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Global Marketing Strategies

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Essay title: Global Marketing Strategies

Two opposite viewpoints for developing global marketing strategy are commonly expounded. According to one school of thought, marketing is an inherently local problem. Due to cultural and other differences among countries, marketing programs should be tailor-made for each country. The opposing view treats marketing as know-how that can be transferred from country to country. It has been argued that the worldwide marketplace has become so homogenized that multinational corporations can market standardized products and services all over the world with identical strategies, thus lowering their costs and earning higher margins.

Localized Strategy The proponents of localized marketing strategies support their viewpoint based on four differences across countries:19 (a) buyer behavior characteristics, (b) socioeconomic condition, (c) marketing infrastructure, and (d) competitive environment. A review of the marketing literature shows how companies often experience difficulties in foreign markets because they did not fully understand differences in buyer behavior. For example, Campbell’s canned soups mostly vegetable and beef combinations packed in extra-large cans did not catch on in soup-loving Brazil. A postmortem study showed that most Brazilian housewives felt they were not fulfilling their roles if they served soup that they could not call their own. Brazilian housewives had no problems using dehydrated competitive products, such as Knorr and Maggi, which they could use as soup starters and still add their own ingredients and flair. Also, Johnson & Johnson’s baby powder did not sell well in Japan until its original package was changed to a flat box with a powder puff. Japanese mothers feared that powder would fly around their small homes and enter their spotlessly clean kitchens when sprinkled from a plastic bottle. Powder puffs allowed them to apply powder sparingly. Similarly, advertisers have encountered difficulty when using colors in certain foreign countries. For example, purple is a death color in Brazil, white is for funerals in Hong Kong, and yellow signifies jealousy in Thailand. In Egypt the use of green, which is the national color, is frowned upon for packaging. Socioeconomic differences (i.e., per capita income, level of education, level of unemployment) among countries also call for a localized approach toward international marketing. For example, limited economic means may prevent masses in developing countries from buying the variety of products that U.S. consumers consider essential. To bring such products as automobiles and appliances within the reach of the middle class in developing countries, for example, the products must be appropriately modified to cut costs without reducing functional quality. Differences in the character of local marketing infrastructure across countries may suggest pursuing country-specific marketing strategies. The marketing infrastructure consists of the institutions and functions necessary to create, develop, and service demand, including retailers, wholesalers, sales agents, warehousing, transportation, credit, media, and more. Consider the case of media. Commercial television is not available in many countries. Sweden, for example, lacks this element of the marketing infrastructure. In many countries, for example, Switzerland, commercials on television are allowed on a limited scale.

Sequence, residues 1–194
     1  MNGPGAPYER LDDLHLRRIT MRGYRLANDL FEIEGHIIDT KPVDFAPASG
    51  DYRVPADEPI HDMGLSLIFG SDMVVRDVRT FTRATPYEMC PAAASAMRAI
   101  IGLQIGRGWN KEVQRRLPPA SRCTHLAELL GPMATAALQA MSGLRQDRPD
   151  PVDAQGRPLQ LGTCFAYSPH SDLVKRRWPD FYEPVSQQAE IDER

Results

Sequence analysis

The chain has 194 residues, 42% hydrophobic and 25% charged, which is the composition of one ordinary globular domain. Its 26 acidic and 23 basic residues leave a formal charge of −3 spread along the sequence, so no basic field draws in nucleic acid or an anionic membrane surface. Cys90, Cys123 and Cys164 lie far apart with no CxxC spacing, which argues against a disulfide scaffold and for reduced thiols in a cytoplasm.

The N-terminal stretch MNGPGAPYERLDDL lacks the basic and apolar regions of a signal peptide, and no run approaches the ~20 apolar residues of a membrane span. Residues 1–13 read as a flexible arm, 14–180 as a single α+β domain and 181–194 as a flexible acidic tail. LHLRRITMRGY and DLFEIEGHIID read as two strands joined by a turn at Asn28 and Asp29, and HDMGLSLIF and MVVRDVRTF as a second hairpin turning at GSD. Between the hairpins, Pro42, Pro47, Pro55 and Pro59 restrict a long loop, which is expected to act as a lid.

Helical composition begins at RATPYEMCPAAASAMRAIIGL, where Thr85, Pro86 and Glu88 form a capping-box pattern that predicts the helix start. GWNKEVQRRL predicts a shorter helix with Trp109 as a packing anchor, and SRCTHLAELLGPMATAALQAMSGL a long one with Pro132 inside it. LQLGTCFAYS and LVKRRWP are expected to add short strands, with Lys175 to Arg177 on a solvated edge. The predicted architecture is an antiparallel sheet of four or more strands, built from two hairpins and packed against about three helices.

Suntory (a Japanese liquor company) considers the ban on advertising liquor on U.S. television as a main deterrent for not entering the U.S. market in a big way. Similarly, the physical conditions of a country (i.e., climate, topography, and resources) may require localized strategies. In hot climates, as in the Middle East, such products as cars and air conditioners must have additional features. Differences in telephone systems, road networks, postal practices, and the like may require modifications in marketing practices. For example, mail-order retailing is popular in the United States but is virtually nonexistent in Italy because of differences in its mail system. Finally, differences in the competitive environment among countries may require following localized marketing strategies. Nestlй, for example, achieved more than a 60 percent market share in the instant coffee market in Japan but less than 30 percent in the United States. Nestlй had to contend with two strong domestic competitors in the United States, namely General Foods, which markets Maxwell House and other brands, and more recently Procter & Gamble, which markets Folgers and High Point. Nestlй faced relatively weak domestic competitors in Japan. IBM, which is the leading computer company in the world, slipped to third place in the Japanese market behind Fujitsu Ltd. and NEC Corporation in terms of total revenue. Nestlй and IBM must reflect differences in their competitive environments in such marketing choices as pricing, sales force behavior, and advertising.


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